Female fashions are challenging. Whether women are freezing and not admitting it while men are overdressing for the temperature or the sexes have different physiologies for thermostasis, bare skin, thin fabrics, and painfully tight shoes on women in cold weather need explaining somehow.
(Or men overdressing needs explaining somehow. I’ll get to that.)
One claim might say that women being “hot” is not as figurative as we thought, if there is a physiological difference, but I doubt it. I’m not an anatomist, but females’ brains, kidneys, livers, lungs, stomachs, hearts, and so on are probably too similar to males’ in structure and size to matter for warmth. The organs are likely a touch smaller, but only a tad. Women usually do have less muscle mass, needed for generating heat, than men have. Shivering works in muscle mass, and that’s especially in the chest. Women are smaller, thinner, and less muscular than men on average. So, if all else is equal, women should shiver for more hours or bundle up more than men do. But my impression is that women don’t. I haven’t heard of a difference in shiver rates and women’s coats are, if anything, slimmer than men’s. (Fur coats are not much warmer than furless coats and likely support convection, so may even be cooler for all their bulk. Fur coats don’t count.)
A recent study showed that females metabolize less than men do. A commentator said that women have different body shapes and clothes, which likely mean more convection. Women may be comfortable at environmental temperatures about five degrees Fahrenheit warmer than what men want, at least in offices, where people tend to be rather sedentary. The females are likely to feel cooler in their hands, nose, and feet. Offices should be adjusted to fit the science but a five-degree difference probably does not explain the total issue.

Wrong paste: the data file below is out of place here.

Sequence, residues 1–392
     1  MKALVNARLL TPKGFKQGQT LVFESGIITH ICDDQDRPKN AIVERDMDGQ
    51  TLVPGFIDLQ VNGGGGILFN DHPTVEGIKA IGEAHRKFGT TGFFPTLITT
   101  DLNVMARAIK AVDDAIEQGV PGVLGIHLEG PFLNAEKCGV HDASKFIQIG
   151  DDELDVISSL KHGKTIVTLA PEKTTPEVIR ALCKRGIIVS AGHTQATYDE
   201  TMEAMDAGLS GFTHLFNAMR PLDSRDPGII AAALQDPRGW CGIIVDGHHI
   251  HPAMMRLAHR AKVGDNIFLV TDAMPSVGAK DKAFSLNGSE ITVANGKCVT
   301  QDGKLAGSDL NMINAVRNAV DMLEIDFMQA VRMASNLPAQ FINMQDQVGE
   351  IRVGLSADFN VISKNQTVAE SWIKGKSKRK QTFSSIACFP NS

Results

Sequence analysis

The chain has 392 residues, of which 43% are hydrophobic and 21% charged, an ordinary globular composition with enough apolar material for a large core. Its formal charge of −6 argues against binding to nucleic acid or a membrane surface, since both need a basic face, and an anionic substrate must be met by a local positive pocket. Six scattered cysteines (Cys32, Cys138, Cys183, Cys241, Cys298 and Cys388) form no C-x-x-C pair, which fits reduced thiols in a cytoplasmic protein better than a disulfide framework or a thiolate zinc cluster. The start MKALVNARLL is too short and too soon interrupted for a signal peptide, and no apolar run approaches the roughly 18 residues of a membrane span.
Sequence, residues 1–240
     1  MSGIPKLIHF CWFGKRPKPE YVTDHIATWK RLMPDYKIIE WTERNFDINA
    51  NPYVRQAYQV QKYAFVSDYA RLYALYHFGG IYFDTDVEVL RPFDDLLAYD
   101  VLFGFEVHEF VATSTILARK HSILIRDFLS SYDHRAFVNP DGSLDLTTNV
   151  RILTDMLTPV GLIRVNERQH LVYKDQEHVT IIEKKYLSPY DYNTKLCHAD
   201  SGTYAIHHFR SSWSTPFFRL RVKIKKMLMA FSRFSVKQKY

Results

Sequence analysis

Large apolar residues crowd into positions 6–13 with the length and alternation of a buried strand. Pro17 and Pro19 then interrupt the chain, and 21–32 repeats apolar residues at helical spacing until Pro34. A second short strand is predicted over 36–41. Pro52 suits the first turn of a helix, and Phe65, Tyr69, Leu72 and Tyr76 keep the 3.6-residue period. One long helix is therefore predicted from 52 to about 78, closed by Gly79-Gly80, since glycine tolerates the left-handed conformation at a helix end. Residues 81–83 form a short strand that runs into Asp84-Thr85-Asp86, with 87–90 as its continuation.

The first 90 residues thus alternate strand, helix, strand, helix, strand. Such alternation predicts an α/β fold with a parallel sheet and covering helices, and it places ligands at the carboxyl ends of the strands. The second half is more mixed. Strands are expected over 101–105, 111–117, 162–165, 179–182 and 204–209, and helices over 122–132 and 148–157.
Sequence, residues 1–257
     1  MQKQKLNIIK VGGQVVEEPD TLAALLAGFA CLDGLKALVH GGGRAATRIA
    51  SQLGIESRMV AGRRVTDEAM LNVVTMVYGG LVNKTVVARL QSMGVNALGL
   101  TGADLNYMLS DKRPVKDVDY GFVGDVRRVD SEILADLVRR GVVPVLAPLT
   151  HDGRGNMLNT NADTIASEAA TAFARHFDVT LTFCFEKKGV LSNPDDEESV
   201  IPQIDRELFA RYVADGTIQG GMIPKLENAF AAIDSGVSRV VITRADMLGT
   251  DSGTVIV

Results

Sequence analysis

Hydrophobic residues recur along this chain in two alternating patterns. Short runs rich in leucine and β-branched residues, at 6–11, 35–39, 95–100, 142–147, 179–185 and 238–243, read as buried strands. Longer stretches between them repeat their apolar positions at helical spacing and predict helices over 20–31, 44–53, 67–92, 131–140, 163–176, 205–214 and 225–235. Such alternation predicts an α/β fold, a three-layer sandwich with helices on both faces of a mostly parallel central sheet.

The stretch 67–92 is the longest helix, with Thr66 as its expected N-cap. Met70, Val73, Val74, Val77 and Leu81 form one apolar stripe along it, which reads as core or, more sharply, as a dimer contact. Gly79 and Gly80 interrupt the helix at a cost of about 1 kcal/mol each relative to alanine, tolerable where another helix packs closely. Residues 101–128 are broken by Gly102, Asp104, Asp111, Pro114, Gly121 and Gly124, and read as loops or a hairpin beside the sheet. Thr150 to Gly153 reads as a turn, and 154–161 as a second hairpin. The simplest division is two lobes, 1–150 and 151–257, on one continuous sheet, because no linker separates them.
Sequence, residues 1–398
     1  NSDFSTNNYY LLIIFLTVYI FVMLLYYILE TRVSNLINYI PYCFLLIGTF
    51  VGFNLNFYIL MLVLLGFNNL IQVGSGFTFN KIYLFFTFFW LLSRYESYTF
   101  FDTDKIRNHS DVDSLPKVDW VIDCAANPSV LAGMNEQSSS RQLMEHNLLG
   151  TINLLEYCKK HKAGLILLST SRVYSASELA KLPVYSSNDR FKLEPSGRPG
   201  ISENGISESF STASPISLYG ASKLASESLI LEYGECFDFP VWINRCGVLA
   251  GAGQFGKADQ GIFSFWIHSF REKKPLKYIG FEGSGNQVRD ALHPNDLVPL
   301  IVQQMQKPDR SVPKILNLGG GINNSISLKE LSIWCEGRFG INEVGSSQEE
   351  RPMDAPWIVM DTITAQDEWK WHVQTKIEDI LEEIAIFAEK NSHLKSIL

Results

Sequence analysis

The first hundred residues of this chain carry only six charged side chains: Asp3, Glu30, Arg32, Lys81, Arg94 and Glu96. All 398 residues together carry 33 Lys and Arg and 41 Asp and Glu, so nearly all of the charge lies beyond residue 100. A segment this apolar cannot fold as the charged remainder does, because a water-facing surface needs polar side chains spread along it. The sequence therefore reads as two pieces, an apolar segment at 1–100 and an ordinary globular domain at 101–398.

One woman said stockings keep her legs warm. That may be aesthetically or psychologically true, but it could hardly make a real boost in warmth. If stockings were enough, you wouldn’t need a coat; a shirt would be plenty, but it isn’t.
Physiology and Social Expectation
Not admitting to being cold because having an approved appearance is more in demand is more plausible. But that should lead to more scarfs and other accessories that could be draped or ditched as circumstances change. Maybe it’s not fashionable to carry that much stuff, but fashion designers and trendsetters could have fixed that by now. To a large extent, women’s clothing fashions reflect what men want, so not admitting to being cold may be just another part of social relationships, one that can gain men’s protection indoors. That would be sexist but not beyond common consideration.
A man pointed out a man wearing shorts as likely being too cold, in May, but he didn’t point out any women, and there were many at that hour wearing shorts and minis walking by on the same sidewalk.
Men overdressing in moderately cold weather: That’s the likeliest explanation.